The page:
Tomorrow Americans will gather around crowded tables and indulge in a gluttonous feast of Thanksgiving. There will be laughter and hugs, perhaps some football, and maybe some naps for us older folk. We may or may not think about that for which we are thankful. Truthfully, some of us may feel like we have little to be thankful for; 2014 has been a difficult year burdened with heartache and loss and those losses cut so deeply that it’s tempting to be anything but grateful. Ironically, when my heart is filled with the heaviest of dark burdens, it is thanksgiving (the very thing I am most resistant to) that soothes my soul.
It’s easy for me to camp in the ungrateful camp. I look around and I see people I love struggling. Two friends and a family member all lost children in the past year; one just three days ago – right before Thanksgiving. At least three other people I love are battling cancer. We’ve had some difficult struggles in regards to our church home that resulted in what felt like what I imagine a painful divorce would feel like. And I don’t understand any of that; not the loss of a child, cancer, or churches being broken and divided. Those things cut me to my core. And no amount of crying or talking or hugging will bring back a child or cure cancer. There’s just nothing to be done. It just is what it is.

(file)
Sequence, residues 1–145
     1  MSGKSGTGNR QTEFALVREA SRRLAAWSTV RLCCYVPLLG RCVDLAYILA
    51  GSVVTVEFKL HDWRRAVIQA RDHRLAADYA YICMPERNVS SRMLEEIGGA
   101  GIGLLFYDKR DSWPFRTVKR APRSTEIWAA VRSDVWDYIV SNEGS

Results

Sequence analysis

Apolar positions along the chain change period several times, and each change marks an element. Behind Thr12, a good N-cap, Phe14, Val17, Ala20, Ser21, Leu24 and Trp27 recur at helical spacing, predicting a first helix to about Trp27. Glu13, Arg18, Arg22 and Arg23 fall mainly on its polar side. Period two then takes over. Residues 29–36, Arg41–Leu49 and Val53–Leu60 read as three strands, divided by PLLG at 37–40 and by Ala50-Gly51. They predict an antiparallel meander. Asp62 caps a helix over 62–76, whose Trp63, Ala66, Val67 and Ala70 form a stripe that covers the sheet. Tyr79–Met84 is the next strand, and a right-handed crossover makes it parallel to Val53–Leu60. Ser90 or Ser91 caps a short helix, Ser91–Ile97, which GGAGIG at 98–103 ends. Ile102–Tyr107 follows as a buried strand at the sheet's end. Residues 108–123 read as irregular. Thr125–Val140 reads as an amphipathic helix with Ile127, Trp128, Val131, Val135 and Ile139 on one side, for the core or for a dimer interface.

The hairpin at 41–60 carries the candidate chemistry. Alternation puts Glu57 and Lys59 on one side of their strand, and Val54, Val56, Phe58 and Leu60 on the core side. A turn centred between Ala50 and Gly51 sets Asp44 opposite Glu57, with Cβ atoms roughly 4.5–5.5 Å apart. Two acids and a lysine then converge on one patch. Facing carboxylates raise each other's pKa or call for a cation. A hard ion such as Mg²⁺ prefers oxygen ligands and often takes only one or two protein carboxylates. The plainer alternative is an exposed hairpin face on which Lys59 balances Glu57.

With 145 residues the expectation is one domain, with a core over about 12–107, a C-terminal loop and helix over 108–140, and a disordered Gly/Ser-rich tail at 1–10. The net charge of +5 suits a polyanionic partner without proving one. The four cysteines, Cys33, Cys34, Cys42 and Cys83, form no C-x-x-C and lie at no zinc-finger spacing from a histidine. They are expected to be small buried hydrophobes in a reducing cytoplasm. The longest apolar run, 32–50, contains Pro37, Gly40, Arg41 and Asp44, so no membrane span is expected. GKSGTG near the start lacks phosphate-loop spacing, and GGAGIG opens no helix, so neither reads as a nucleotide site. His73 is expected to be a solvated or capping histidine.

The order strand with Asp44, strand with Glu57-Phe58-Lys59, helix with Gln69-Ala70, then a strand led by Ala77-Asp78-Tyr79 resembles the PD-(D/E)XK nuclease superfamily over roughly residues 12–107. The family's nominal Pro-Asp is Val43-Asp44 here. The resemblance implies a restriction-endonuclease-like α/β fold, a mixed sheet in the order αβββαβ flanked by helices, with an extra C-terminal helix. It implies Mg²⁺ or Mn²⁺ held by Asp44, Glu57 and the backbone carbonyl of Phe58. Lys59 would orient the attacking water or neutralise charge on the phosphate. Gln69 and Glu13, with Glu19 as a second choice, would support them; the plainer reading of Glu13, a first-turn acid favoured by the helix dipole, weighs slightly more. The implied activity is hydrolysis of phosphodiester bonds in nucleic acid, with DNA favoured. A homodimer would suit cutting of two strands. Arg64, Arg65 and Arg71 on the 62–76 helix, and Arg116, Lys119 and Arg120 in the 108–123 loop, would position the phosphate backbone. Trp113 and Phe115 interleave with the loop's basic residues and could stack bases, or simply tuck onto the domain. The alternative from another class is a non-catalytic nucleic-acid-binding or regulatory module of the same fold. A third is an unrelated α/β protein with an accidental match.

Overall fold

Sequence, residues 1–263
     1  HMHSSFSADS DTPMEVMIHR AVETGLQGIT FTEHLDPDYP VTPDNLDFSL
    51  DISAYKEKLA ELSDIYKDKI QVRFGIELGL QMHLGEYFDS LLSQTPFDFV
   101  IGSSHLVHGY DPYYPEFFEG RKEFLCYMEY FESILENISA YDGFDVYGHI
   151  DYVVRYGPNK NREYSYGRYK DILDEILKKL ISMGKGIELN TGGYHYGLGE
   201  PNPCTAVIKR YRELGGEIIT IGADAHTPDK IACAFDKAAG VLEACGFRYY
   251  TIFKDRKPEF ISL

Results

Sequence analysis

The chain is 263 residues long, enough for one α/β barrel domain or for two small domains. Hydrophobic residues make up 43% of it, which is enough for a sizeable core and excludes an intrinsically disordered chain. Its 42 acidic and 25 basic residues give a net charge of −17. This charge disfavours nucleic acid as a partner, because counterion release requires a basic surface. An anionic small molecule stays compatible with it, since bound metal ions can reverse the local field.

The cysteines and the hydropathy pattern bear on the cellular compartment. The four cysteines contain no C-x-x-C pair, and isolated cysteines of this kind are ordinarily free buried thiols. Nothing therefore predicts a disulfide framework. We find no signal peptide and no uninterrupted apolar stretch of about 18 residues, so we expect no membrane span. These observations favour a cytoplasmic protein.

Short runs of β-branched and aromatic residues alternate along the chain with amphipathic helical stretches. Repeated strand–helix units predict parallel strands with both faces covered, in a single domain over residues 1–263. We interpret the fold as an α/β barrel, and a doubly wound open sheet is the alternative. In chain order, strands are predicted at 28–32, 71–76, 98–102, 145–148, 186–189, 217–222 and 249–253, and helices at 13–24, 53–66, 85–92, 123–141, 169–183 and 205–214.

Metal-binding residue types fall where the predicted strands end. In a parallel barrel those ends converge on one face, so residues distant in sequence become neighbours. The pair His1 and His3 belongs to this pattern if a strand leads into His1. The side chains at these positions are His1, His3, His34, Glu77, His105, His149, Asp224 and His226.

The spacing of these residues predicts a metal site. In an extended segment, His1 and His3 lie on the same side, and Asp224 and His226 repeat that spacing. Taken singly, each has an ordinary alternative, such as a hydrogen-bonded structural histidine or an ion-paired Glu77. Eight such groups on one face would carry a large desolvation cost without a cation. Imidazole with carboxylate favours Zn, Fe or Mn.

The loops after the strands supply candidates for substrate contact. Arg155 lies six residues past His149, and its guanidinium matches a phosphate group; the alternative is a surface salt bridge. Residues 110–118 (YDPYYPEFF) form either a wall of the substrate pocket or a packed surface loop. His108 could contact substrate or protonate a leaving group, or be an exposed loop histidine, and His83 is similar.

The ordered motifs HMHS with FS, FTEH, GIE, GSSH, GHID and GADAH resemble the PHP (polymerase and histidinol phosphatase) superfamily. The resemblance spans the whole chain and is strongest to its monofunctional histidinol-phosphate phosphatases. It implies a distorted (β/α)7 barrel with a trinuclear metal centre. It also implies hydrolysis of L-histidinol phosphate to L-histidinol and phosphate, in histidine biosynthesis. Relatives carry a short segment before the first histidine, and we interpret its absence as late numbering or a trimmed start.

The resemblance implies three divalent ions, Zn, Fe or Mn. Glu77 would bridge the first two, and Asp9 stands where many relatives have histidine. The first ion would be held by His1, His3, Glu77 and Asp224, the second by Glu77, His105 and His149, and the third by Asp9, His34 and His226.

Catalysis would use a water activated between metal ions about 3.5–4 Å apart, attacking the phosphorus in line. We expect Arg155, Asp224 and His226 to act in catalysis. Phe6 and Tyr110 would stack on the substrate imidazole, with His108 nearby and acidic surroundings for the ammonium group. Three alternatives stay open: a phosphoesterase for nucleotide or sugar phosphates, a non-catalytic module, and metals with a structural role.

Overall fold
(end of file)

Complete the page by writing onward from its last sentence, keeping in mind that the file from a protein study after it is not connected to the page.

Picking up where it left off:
But now, it’s Thanksgiving and I am supposed to put on my happy face and share all that I am thankful for – even in the midst of deep, abiding sadness. Admittedly, there is a part of me that just wants to wallow. I mean, wallowing is easy; I can blame everyone else for everything that has gone wrong. I can get mad and throw a big pity party. And none of that takes much effort. Thankfully, God’s Word is profitable for teaching, reproof, correction and training in righteousness (2 Tim. 3:16). It also cuts to the core. So when I read Psalm 100 the other day, I had no choice but to give thanks. It was right there in black and white:
Make a joyful noise to the Lord, all the earth!
Serve the Lord with gladness!
Come into his presence with singing!
Know that the Lord, he is God!
It is he who made us, and we are his;
we are his people, and the sheep of his pasture.
Enter his gates with thanksgiving,
and his courts with praise!
Give thanks to him; bless his name!
For the Lord is good;
his steadfast love endures forever,
and his faithfulness to all generations.
Making a joyful noise may not mend broken friendships. My singing surely won’t bring back a child. But knowing that the LORD is God and that I am his child makes all of that bearable. And that alone is something for which to be grateful.